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Talk of faith doesn't belong in campaign

This may sound impolitic and even un-Christian, particularly coming from a Christian theologian, but I don't want to hear any more from the presidential candidates about their personal faith.

The candidates aren't going to heed me, of course. During the debates, President Bush proclaimed the importance of his Christian faith, saying, "Prayer and religion sustain me. I receive calmness in the storms of the presidency," and he even stated his belief that "God wants everybody to be free." John Kerry, in general more guarded about his Catholic beliefs but becoming more outspoken recently on matters of religion, pointed to his altar-boy past and recounted the "two greatest commandments" he's learned: "Love the Lord, your God, with all your mind, your body and your soul, and love your neighbor as yourself."

Now, I'm no Scrooge or atheist. The reasons I want Bush and Kerry to keep quiet about their faith are religious in nature. Why? It comes down to this: Today a public confession of faith by a presidential candidate is so deeply enmeshed in the calculating politics of manipulation that it simply should not be believed. Anyone who thinks a modern major-party candidate can talk about faith in a way that is not seen as angling for some political advantage, some movement in the polls, is asking the impossible.

Americans have been subjected to an outpouring of media investigation into both Bush's and Kerry's faith. We've learned that Bush moves in Episcopal, Presbyterian and Methodist circles; he feels close to Jesus and he prays; he is unafraid to talk in ultimate moral terms of good and evil; and the military struggles he is conducting have the bearing of providence for him. Kerry sometimes attends the Paulist Center in Boston, has a distant Jewish background, has a stance on abortion that might disqualify him from receiving Communion from some bishops and, notably, has not talked as easily as the president about his relationship with God.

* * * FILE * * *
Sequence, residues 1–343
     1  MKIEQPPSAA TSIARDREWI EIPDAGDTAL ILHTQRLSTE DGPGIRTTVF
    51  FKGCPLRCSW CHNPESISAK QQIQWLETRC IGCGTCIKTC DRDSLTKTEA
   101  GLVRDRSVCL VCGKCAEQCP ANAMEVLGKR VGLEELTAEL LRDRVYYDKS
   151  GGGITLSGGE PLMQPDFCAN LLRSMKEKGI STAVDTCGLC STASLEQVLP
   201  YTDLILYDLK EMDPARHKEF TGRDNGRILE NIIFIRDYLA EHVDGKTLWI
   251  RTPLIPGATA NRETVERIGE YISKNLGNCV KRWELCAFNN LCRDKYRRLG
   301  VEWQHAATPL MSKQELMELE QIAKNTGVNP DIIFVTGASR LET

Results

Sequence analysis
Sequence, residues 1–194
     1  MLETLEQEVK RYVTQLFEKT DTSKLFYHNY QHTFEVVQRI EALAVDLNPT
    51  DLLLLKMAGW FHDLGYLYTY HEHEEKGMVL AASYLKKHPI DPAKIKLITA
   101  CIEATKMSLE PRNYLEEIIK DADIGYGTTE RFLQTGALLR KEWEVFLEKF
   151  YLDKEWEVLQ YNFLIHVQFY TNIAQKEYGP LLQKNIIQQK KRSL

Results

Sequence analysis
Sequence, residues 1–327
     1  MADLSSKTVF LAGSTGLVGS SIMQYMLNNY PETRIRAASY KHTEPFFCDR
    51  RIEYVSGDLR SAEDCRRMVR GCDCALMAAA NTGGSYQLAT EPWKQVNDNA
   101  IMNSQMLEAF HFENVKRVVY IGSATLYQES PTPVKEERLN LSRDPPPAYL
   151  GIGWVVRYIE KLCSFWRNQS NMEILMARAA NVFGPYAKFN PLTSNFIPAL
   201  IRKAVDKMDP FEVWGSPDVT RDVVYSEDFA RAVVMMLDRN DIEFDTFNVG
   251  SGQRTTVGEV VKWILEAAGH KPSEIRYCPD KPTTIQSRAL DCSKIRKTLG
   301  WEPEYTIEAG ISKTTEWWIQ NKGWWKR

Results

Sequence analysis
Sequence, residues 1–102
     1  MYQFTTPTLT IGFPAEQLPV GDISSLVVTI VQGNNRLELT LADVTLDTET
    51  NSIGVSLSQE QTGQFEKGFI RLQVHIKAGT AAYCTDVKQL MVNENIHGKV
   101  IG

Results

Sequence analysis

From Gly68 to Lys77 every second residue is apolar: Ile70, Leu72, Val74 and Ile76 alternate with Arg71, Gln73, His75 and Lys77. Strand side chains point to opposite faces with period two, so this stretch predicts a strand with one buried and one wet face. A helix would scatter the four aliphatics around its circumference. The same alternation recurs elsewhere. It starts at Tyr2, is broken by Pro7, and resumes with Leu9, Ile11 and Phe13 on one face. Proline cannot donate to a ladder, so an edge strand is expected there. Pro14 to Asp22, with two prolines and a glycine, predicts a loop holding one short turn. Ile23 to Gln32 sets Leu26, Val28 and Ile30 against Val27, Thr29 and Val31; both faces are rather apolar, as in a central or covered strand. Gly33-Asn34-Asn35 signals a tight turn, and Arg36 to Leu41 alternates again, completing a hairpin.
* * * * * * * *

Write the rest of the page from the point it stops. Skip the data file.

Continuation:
It's so common on what is called the religious right to view Bush's statements as authentic insights into his heart that it would seem the Republicans are the sole party of faith-based campaigning. But there have also been calls for more political faith-talk from religious people who don't share the views of the right. Jim Wallis, for example, editor of Sojourners magazine and a tireless leader in progressive Christian activism, has passionately pleaded for the secular left not to prematurely pluck discussion of faith from the vocabulary of Democrats. He has argued that "Democrats are wrong to restrict religion to private space." He wants them to talk about faith openly.

While I agree with Wallis' call for a broader national conversation about religion and politics, I think the Democratic presidential nominee, as well as the Republican, ought to keep religious talk out of the campaign. Voters for whom religious faith makes a difference can have good reason to distrust candidates' talk about their faith. When candidates talk thus they diminish the dignity of faith itself by reducing it to a pious confession of conviction, humility or concern, a mere uttering of earnest words. A thick respect for the mystery of God, for the inability of God to be domesticated to one program or party — a respect that should be proper to the Christian faith of our presidential candidates — cannot be honored by such faith-talk in an election season.

Jesus knew that mere talk about faith could be cheap. That's why he sardonically said something that everyone who hears faith-chatter during this campaign season should remember: "Not everyone who says to me 'Lord, Lord' will enter the kingdom of heaven, but only the one who does the will of my Father in heaven." What does it mean to do this will? A little later in the same Gospel of Matthew, Jesus clarifies: Live generously in relationship to the least among us.

That doesn't mean that anyone has the right to definitively judge the faith of anyone else. But it does mean that encouraging the president and the senator to open up more about God may be unhelpful both politically and theologically.

The writer is an assistant professor of religious studies at Santa Clara University in California and the author of "Consuming Faith: Integrating Who We Are With What We Buy.'